The quickest and easiest way to establish a trend is by drawing a trend line, yet it is unbelievable and frightening how often these are done incorrectly. At the risk of being pedantic and accused of treating readers condescendingly, we remind how things ought to be done. We also make suggestions as to when and how to bend the rules.
In a bull market a trend line must be drawn under the prices (bars, candles or line charts) and at least three points of contact must be made; the more the merrier and the stronger the signal when a break occurs. A parallel can be drawn above the prices creating a trend channel, a break of the upper line merely suggesting acceleration rather than anything more exciting. The narrower the trend channel, the stronger its validity and the signals it might generate; very broad bands are just that. The only time any old line can be drawn above prices in a bull market is when it forms part of a pattern, a triangle for example, and must not be labelled a trend line.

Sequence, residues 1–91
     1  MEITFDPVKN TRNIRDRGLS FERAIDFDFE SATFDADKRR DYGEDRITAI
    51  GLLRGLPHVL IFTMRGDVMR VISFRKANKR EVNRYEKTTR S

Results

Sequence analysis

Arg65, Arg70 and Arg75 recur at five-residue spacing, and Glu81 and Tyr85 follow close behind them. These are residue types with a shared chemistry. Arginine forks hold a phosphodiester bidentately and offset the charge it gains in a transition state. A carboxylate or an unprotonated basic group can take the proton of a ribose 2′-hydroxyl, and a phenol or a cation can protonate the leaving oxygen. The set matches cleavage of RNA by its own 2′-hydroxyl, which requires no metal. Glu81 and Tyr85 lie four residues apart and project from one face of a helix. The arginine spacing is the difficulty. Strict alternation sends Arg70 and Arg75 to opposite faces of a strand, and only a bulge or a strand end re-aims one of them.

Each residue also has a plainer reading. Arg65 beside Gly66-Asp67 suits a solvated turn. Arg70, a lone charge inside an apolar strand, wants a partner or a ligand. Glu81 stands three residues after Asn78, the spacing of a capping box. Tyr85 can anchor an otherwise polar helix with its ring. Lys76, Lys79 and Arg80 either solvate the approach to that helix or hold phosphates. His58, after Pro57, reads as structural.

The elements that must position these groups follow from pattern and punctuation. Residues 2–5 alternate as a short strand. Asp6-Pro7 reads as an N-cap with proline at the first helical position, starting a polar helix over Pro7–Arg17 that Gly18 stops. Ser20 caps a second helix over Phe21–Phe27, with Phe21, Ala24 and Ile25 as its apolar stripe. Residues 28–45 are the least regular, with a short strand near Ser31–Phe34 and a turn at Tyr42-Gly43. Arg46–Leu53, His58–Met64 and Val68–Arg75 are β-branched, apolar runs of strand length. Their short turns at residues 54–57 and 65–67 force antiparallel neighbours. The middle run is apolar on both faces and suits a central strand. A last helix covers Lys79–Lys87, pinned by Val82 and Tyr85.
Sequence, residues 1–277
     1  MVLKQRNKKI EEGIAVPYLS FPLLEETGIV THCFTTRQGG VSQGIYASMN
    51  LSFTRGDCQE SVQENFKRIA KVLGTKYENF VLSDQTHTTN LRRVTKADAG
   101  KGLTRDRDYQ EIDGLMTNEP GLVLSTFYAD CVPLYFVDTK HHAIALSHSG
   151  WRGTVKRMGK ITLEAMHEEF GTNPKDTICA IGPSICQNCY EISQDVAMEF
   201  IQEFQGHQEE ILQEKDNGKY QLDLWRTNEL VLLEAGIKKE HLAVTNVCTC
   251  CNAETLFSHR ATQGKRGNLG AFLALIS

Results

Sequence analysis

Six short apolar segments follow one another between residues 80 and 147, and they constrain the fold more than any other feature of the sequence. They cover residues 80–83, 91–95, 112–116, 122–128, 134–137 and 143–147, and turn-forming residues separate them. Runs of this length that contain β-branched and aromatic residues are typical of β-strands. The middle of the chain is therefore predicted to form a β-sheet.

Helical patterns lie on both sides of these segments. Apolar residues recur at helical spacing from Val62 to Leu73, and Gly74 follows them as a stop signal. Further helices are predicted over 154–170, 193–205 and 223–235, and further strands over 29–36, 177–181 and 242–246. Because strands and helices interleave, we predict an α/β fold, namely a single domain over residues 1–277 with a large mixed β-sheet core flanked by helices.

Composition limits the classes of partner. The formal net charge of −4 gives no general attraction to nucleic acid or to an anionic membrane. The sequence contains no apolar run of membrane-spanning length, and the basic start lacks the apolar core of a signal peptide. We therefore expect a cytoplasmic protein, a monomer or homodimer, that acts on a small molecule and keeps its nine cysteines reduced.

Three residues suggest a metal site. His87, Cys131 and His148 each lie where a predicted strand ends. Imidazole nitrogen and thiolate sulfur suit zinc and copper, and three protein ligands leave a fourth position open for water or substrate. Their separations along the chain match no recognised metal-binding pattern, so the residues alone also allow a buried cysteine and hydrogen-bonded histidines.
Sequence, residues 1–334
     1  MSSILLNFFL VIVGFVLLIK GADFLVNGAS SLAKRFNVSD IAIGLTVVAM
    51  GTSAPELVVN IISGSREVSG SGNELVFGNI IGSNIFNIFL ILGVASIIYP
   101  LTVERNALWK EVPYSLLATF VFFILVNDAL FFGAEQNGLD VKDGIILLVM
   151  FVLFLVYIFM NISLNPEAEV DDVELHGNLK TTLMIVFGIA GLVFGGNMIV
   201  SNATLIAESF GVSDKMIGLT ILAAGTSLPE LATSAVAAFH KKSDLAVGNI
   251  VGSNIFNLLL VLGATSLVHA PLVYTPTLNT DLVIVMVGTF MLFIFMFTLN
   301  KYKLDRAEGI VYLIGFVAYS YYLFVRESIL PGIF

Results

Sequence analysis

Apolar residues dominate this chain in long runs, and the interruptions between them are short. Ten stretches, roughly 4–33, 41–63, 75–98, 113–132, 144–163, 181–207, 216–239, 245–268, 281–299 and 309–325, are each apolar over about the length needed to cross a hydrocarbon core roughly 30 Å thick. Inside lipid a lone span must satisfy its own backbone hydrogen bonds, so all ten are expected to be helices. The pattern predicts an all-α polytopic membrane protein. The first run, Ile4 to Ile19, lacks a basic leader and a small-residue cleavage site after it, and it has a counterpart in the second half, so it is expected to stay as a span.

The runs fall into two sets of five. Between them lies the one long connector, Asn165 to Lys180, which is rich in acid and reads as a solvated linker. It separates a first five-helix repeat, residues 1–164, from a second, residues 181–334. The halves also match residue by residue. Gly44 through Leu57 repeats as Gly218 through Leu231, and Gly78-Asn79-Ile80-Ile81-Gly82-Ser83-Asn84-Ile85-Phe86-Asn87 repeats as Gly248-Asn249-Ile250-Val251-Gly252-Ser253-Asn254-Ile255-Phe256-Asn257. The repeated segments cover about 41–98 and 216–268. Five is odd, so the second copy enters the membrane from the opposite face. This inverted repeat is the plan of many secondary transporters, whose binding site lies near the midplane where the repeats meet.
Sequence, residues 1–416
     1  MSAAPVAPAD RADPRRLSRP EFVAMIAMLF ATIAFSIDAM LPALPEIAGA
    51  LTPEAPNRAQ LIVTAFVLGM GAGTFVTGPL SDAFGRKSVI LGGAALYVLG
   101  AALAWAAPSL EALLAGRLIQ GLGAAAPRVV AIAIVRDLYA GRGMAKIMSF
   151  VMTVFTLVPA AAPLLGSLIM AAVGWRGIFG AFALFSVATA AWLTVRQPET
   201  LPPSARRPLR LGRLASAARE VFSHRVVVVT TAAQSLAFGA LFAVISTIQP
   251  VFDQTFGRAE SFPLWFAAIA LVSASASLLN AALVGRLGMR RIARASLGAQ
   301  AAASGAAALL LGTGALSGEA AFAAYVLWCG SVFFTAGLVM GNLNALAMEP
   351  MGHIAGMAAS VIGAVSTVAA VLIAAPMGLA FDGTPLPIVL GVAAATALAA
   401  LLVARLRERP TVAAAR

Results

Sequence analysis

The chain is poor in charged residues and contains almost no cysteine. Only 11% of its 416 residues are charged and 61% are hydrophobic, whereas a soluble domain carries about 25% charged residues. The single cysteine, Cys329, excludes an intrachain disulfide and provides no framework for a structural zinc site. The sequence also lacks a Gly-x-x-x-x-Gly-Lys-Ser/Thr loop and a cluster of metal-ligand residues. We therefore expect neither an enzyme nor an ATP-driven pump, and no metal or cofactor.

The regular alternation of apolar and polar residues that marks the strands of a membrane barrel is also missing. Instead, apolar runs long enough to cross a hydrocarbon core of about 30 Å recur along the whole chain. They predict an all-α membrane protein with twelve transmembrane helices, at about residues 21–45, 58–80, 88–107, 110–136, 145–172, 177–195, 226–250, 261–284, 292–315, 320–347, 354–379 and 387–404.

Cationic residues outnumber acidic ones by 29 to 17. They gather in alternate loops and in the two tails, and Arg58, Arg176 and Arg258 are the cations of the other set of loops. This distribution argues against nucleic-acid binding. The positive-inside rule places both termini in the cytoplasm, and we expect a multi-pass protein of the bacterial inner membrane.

Conversely in a bear market all of the above are reversed and the same rules hold. The temptation to draw a semi-parallel line below prices is great – but incorrect – and is caused by the tendency for bear markets to end slowly and cautiously (creating a downward-sloping wedge pattern) while bull markets are more likely to end with a bang (like a shooting star) not a whimper.
An Andrews pitchfork consists of three parallel lines, a central one that hugs price action and two outer ones which attempt to capture most but not all of the extremes; points of contact do not apply rigorously here. Think of it like linear regression around which one, two, or other (1.6 perhaps?) standard deviation bands are drawn.
When you plot a line and don’t like the look of it, just keep on trying. I usually join the bodies of the candles and ignore the wicks as these are often spikes in the market, but then one must remember that only a close through the line constitutes a real break. Where a trend is slowing, draw several line segments that capture waning momentum – and acknowledge that it may not constitute a true break in trend. Finally, when nothing seems to work accept that there is no trend. The reality is that all too many markets spend most of their time meandering rather than trending.
The trend may be your friend, but often s/he is not around.
Charts Thomson Reuters